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Police Hunt Motive in England Massacre

British detectives searched for clues Thursday to the motive behind a taxi driver's murderous rampage in a tranquil part of rural England that left 12 people dead and more than two dozen wounded before he committed suicide.

Some reports from the British media alleged that Bird warned fellow taxi drivers the night before the shootings, "There is going to be a rampage."

More than 100 officers were scrutinizing why suspected gunman Derrick Bird, 52, decided to go on a three-hour shooting spree in the northwestern county of Cumbria, officials said.

Some reports said Bird had argued with fellow cab drivers the night before the killings; others suggested a family dispute. But Cumbria police said the process of piecing together Bird's movements and ascertaining a motive is "a difficult and slow process and we would ask the public and the media to be patient whilst we carry out our thorough investigation to ascertain the facts around this tragic incident."

The killing spree was Britain's deadliest mass shooting since 1996, and it jolted a country where handguns are banned and multiple shootings rare. Police said 25 people had been wounded, 11 of whom were hospitalized. Eight of the wounded remain in hospital, with three of them in critical condition.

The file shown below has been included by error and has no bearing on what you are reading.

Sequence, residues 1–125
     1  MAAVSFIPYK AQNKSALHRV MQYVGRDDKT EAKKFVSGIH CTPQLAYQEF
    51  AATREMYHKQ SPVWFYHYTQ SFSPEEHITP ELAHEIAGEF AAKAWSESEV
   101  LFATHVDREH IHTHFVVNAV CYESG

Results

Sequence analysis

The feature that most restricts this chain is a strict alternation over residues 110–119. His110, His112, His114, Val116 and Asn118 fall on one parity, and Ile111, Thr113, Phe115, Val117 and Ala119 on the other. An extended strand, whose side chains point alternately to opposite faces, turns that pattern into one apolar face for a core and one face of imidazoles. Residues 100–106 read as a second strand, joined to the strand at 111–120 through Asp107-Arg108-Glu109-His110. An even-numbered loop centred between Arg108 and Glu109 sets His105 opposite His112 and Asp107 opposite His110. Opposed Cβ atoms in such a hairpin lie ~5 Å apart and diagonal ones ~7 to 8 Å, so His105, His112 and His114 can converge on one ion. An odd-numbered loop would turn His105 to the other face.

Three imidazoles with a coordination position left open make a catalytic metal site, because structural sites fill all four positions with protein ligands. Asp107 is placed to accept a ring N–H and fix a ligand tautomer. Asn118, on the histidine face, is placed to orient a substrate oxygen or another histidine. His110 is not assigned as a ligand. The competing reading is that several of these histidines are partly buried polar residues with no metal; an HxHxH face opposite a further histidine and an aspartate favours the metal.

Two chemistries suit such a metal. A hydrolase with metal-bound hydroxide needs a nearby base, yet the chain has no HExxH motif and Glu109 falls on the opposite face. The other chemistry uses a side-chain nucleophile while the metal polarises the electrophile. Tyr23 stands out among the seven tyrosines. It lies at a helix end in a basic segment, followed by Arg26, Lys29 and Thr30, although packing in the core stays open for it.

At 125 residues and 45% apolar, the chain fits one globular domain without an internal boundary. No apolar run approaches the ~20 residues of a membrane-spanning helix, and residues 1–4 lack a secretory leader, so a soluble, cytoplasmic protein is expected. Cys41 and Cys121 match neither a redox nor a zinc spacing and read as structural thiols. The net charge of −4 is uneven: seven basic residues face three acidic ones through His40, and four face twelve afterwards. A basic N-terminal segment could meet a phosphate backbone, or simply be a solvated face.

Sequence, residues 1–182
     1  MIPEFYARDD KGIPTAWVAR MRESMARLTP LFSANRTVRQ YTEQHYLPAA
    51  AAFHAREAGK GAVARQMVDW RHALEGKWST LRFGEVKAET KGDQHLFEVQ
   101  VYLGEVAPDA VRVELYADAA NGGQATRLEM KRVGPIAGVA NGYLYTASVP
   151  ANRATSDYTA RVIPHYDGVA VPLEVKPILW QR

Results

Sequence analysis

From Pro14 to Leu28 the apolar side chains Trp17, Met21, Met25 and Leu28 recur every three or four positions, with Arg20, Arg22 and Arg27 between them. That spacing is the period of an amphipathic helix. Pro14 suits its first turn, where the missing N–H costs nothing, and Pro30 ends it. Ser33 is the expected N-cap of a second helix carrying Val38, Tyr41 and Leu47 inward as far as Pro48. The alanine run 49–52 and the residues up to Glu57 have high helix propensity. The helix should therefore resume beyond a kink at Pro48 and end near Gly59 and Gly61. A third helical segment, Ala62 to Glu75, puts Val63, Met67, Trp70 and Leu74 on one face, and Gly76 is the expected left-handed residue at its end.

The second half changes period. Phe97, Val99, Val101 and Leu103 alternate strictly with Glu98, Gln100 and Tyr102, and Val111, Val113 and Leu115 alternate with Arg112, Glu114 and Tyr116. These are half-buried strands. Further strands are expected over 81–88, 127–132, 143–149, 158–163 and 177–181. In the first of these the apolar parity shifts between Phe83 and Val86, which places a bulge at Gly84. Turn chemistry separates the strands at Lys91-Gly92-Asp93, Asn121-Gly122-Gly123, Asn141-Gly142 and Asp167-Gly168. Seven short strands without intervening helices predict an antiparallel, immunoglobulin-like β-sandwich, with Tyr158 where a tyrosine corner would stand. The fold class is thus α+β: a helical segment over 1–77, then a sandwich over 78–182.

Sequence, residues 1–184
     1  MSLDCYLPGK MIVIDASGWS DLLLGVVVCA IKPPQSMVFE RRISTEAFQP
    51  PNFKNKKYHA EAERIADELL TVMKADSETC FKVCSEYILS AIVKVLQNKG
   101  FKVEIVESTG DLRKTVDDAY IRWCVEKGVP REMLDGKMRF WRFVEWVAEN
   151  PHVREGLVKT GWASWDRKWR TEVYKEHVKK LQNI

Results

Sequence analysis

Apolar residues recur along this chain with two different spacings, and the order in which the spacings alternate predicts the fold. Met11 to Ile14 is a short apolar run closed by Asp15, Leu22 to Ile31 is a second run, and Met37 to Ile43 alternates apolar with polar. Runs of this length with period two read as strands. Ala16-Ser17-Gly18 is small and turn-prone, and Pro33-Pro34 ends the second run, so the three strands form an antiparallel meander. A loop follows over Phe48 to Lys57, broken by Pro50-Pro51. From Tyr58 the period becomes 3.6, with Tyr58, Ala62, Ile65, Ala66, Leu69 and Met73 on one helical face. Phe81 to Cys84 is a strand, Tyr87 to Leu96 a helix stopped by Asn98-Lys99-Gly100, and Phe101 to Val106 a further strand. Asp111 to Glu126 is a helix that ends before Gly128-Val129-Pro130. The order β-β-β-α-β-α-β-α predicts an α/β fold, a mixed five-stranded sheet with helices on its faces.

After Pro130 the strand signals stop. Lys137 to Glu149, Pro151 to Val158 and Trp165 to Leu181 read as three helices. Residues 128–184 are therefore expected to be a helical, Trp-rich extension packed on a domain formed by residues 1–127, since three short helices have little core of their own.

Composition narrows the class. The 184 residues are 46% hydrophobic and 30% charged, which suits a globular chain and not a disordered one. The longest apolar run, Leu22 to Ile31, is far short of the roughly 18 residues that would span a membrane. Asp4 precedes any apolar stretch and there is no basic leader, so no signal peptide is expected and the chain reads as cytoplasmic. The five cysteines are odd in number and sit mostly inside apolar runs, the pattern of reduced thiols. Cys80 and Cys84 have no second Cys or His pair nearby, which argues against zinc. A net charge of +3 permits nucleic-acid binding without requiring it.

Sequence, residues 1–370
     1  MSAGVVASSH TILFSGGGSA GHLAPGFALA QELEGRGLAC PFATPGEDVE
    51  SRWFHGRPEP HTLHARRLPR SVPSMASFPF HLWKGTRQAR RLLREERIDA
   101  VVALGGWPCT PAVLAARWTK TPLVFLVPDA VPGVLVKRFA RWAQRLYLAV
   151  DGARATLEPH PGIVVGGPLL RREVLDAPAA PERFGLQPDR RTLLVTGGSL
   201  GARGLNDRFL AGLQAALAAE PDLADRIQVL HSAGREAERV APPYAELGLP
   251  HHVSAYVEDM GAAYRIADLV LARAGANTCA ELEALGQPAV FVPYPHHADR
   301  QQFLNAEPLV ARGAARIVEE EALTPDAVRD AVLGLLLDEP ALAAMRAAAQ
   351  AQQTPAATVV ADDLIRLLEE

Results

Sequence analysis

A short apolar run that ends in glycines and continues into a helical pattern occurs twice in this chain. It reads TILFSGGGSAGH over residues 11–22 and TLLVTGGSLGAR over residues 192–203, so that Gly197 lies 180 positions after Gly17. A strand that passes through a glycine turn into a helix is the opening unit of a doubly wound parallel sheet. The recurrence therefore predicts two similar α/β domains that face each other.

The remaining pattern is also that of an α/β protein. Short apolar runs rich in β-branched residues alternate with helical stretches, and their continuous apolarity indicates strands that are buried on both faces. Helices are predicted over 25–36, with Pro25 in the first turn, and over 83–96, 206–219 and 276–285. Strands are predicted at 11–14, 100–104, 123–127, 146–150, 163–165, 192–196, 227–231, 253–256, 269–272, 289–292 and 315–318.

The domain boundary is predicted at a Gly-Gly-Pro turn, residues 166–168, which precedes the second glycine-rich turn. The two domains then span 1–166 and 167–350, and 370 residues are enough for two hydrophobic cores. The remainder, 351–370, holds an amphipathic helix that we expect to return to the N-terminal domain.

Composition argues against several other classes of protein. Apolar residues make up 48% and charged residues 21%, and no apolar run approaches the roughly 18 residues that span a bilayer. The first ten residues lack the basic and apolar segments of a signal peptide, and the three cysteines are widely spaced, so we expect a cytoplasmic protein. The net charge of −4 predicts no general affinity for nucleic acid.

The first shootings were reported Wednesday morning in the coastal town of Whitehaven, about 350 miles northwest of London. Police warned residents to stay indoors as they tracked the gunman's progress across the county.

Click here for a Google Map showing the path Bird took during his alleged rampage.

Witnesses described seeing the gunman driving around shooting from the window of his car. CBS News correspondent Elizabeth Palmer reports that police are investigating 30 separate crime scenes.

Bird's body was found in woods near Boot, a hamlet popular with hikers and vacationers in England's hilly, scenic Lake District.

According to CBS News partner Sky News reports, police at the scene recovered a shotgun and a .22 rifle with telescopic sight. Police said Bird, who several acquaintances described as friendly and popular, had been a licensed gun owner for 20 years.

"He had a shotgun certificate and a firearms license for weapons, but we do not know at this stage whether the weapons that we recovered are those he was licensed for," Deputy Chief Constable Stuart Hyde said. "A detailed ballistic examination is being undertaken to confirm this."

Prime Minister David Cameron offered condolences to "all those caught up in these tragic events, especially the families and friends of those killed or injured." Queen Elizabeth II said she shared in "the grief and horror of the whole country."

Home Secretary Theresa May will make a statement on the shooting to British lawmakers later Thursday.

In recent years, there have been fewer than 100 gun murders annually across the country.

Rules on gun ownership were tightened after two massacres in the 1980s and 1990s. In 1987, gun enthusiast Michael Ryan killed 16 people in the English town of Hungerford. In 1996, Thomas Hamilton killed 16 children and a teacher at a primary school in Dunblane, Scotland.

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